In the Journals

Survey: Most ocular cancer patients want prognosis for metastasis risk

J Genet Counsel. 2009;18(3):265-274.

Most patients with ocular melanoma said in a survey they would want to undergo genetic testing to determine the risk of their cancer spreading, according to a team of UCLA researchers.

"We learned that patients want to know their prognosis, good or bad, even when there are no treatments at present for their condition," Tara McCannel, MD, PhD, researcher and director of the Ophthalmic Oncology Center at UCLA's Jules Stein Eye Institute, said in a UCLA news release.

The study included 99 choroidal melanoma patients who completed a questionnaire about prognostic information; 38 patients underwent prognostic genetic testing.

Ninety-eight respondents said they would have wanted to undergo predictive genetic testing at the time of treatment. One patient expressed disinterest in genetic testing. Also, 98 respondents said supportive counseling should be offered when patients receive test results.

"We were surprised to see such a unanimous response," Dr. McCannel said in the release. "We expected some patients would prefer not to know, but the numbers consistently said otherwise."

PERSPECTIVE

Several ocular oncology centers internationally offer genetic testing for uveal melanoma. Over the past 2 decades, it has become apparent that numerous chromosomal alterations are related to the development of uveal melanoma and metastasis, but the most important has proven to be loss of chromosome 3, termed monosomy 3.

Not all patients are interested in genetic information. In our practice of ocular oncology, approximately 70% of uveal melanoma patients agree to genetic testing, and we have performed this evaluation in more than 600 patients. In this study, Beran and coworkers interviewed 99 patients with choroidal melanoma and found that 97% would have wanted genetic testing and counseling. However, only 38 had testing performed. Of 11 patients responding with written communication, those with monosomy 3 results found emotional preparedness for shortened future whereas those with normal disomy 3 results described relief. Similarly, in our practice, the relief with normal results can be immense.

– Carol L. Shields, MD
Co-Director, Oncology Service, Wills Eye Institute, Philadelphia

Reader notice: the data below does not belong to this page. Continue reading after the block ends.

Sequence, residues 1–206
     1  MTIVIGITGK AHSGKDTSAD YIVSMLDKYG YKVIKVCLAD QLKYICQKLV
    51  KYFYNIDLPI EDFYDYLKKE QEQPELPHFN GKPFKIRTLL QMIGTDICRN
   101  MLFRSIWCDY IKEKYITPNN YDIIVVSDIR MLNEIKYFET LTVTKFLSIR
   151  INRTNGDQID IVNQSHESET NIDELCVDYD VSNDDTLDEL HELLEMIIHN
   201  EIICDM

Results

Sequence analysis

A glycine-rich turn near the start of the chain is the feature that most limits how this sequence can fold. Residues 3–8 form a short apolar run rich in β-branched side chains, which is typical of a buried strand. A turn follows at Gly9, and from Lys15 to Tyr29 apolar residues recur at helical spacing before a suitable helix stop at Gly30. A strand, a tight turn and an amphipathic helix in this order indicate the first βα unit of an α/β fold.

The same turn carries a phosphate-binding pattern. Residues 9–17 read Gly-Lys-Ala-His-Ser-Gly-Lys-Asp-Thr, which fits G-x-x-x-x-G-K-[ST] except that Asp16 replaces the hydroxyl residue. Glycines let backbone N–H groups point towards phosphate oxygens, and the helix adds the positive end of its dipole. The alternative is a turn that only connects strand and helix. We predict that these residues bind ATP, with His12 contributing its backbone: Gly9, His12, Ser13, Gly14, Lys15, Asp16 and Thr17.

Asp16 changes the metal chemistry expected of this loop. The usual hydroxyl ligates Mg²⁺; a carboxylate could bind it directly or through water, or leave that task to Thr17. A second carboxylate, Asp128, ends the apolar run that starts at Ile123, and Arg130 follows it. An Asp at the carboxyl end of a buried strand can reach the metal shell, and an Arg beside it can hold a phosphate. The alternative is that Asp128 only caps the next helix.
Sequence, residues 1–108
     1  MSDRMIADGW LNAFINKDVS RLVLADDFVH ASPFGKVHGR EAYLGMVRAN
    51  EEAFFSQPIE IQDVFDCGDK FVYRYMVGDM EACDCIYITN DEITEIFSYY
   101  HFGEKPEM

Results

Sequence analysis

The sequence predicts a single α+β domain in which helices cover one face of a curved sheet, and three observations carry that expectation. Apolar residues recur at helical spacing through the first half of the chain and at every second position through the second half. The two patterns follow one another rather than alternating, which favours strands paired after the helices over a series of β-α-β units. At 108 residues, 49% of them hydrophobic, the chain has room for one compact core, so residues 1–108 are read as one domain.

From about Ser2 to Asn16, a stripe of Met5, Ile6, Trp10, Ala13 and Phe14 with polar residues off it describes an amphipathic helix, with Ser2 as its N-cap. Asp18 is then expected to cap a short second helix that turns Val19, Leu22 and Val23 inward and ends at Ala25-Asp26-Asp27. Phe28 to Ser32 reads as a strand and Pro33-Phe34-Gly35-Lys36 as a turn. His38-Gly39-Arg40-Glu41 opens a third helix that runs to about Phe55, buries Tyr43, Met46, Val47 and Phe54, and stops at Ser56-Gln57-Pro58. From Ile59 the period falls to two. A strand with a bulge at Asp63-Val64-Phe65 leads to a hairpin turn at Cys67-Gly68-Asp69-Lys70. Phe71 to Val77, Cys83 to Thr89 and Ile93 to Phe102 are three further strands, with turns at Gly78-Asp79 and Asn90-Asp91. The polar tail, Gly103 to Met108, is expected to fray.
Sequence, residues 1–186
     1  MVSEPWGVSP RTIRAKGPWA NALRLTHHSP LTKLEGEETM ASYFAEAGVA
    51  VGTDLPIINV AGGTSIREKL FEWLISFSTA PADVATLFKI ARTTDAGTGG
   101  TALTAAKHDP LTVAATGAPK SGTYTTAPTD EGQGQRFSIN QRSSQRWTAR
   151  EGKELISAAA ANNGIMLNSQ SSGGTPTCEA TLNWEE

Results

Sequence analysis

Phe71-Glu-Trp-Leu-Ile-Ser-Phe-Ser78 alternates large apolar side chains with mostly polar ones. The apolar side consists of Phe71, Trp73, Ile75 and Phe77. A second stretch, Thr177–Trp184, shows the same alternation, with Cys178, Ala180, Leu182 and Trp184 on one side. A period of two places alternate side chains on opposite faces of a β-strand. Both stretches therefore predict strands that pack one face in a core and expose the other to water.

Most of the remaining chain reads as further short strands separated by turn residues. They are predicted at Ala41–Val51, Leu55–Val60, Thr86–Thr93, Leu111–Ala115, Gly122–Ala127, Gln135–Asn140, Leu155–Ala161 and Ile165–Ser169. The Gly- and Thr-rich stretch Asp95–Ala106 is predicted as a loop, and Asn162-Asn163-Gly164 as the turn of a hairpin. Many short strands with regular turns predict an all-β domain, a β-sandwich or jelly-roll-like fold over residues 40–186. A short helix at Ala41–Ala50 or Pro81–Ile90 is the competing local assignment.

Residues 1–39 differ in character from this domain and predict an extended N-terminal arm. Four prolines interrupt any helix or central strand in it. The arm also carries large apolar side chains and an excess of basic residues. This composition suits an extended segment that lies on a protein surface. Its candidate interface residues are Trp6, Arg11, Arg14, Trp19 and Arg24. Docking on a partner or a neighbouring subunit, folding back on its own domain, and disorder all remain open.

Most patients with ocular melanoma said in a survey they would want to undergo genetic testing to determine the risk of their cancer spreading, according to a team of UCLA researchers.

"We learned that patients want to know their prognosis, good or bad, even when there are no treatments at present for their condition," Tara McCannel, MD, PhD, researcher and director of the Ophthalmic Oncology Center at UCLA's Jules Stein Eye Institute, said in a UCLA news release.

The study included 99 choroidal melanoma patients who completed a questionnaire about prognostic information; 38 patients underwent prognostic genetic testing.

Ninety-eight respondents said they would have wanted to undergo predictive genetic testing at the time of treatment. One patient expressed disinterest in genetic testing. Also, 98 respondents said supportive counseling should be offered when patients receive test results.

"We were surprised to see such a unanimous response," Dr. McCannel said in the release. "We expected some patients would prefer not to know, but the numbers consistently said otherwise."

PERSPECTIVE

Several ocular oncology centers internationally offer genetic testing for uveal melanoma. Over the past 2 decades, it has become apparent that numerous chromosomal alterations are related to the development of uveal melanoma and metastasis, but the most important has proven to be loss of chromosome 3, termed monosomy 3.

Not all patients are interested in genetic information. In our practice of ocular oncology, approximately 70% of uveal melanoma patients agree to genetic testing, and we have performed this evaluation in more than 600 patients. In this study, Beran and coworkers interviewed 99 patients with choroidal melanoma and found that 97% would have wanted genetic testing and counseling. However, only 38 had testing performed. Of 11 patients responding with written communication, those with monosomy 3 results found emotional preparedness for shortened future whereas those with normal disomy 3 results described relief. Similarly, in our practice, the relief with normal results can be immense.

– Carol L. Shields, MD
Co-Director, Oncology Service, Wills Eye Institute, Philadelphia